Tuesday, September 22, 2009

Time to Get Rid of the Pacifier

Before preschool starts, our program offers a Meet and Greet, a time when the parents and children can meet the teachers and a few of the students who will be in their class. One child came to Meet and Greet with a pacifier in her mouth. At three years old, that is very unusual. We spoke with her mother about it, and her mother said that her daughter, Sasha, needed her “paci” or she’d cry. That was the only way she could keep her happy. We explained that our first task would be to wean her off the pacifier. She certainly could not participate in class with something in her mouth. Once a child is old enough to come to school by herself, she is too old to use a pacifier.

I explained to Sasha that she would need to put her paci into her backpack as soon as she got to school. It would stay very safe in there, and she was welcome to go check on it anytime she wanted. I also gave her a small stuffed bear and told her that she could hold the bear during circle time if she was willing to keep her paci in her backpack. After circle time, Sasha became so involved in playing and doing our projects, that she hardly noticed that she no longer had a security blanket. At first, she’d check on her paci once or twice during the day, but she soon forgot all about it.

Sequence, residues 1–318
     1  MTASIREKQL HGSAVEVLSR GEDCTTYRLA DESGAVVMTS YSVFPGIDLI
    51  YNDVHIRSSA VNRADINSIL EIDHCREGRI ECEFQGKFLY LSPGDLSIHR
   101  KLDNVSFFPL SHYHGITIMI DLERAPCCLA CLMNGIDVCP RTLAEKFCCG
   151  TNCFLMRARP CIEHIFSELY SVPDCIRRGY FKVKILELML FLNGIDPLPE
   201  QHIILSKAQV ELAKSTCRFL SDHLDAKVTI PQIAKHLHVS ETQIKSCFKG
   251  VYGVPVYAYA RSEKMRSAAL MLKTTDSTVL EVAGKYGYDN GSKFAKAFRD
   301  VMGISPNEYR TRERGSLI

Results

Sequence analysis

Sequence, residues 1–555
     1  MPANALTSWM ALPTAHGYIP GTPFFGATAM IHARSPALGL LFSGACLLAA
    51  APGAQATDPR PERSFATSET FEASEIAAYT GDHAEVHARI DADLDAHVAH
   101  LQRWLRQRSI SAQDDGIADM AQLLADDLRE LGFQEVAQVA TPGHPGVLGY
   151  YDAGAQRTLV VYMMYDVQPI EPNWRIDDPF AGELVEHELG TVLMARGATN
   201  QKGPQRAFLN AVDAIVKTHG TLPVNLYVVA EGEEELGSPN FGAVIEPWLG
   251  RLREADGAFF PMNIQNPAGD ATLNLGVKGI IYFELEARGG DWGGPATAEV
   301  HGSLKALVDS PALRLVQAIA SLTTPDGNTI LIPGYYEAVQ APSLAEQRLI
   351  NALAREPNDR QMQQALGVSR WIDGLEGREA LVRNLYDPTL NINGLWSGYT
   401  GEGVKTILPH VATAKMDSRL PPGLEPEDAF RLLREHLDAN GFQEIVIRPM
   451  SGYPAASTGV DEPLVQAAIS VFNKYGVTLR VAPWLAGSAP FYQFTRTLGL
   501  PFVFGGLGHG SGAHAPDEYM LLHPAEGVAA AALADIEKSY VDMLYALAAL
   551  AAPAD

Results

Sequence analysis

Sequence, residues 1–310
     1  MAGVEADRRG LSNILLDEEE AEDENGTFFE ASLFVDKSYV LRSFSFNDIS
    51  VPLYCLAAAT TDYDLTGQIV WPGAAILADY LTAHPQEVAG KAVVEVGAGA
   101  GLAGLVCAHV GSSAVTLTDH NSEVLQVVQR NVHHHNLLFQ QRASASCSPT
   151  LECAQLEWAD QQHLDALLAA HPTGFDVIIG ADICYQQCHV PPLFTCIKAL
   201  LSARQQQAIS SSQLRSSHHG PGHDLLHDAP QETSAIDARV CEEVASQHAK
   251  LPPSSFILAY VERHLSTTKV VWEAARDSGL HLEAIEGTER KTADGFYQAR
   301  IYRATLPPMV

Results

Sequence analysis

I noticed that the first thing her mother would do after dismissal was give Sasha her paci again. We talked about it, and I suggested ways for her to wean her daughter from it at home, also, because she had responded so beautifully in school. First, they could have a conversation about the fact that Sasha was now a big girl, and pacifiers were for babies. They could come up with one time each day, maybe nap or bed time, when she would be allowed to use the pacifier. Other than that, it had to stay in a special place in Sasha’s room.

If Sasha became anxious and wanted the pacifier, her mother could engage her in a project. For example, if they sang the alphabet song, her mother could point out that it’s impossible to sing with something in her daughter’s mouth. Once Sasha became involved in singing, she would likely forget about needing the pacifier.

I recommend that parents wean their children from pacifiers as soon as they possibly can, and certainly, by the time they enter school.

1 comment:

  1. Hi-I saw your article on another site when I was looking for advice with my son who is three and has just started preschool. He isn't normally a really clingy kid, but when we even talk about going to school, he starts to scream and according to his teacher (it's only has 4th time to go) screams and cries for the full 2.5 hours. What do I do?!? I'd love any advice. I don't want to take him out because then he'll never adjust, but is this normal or is he just not ready? Thanks so much!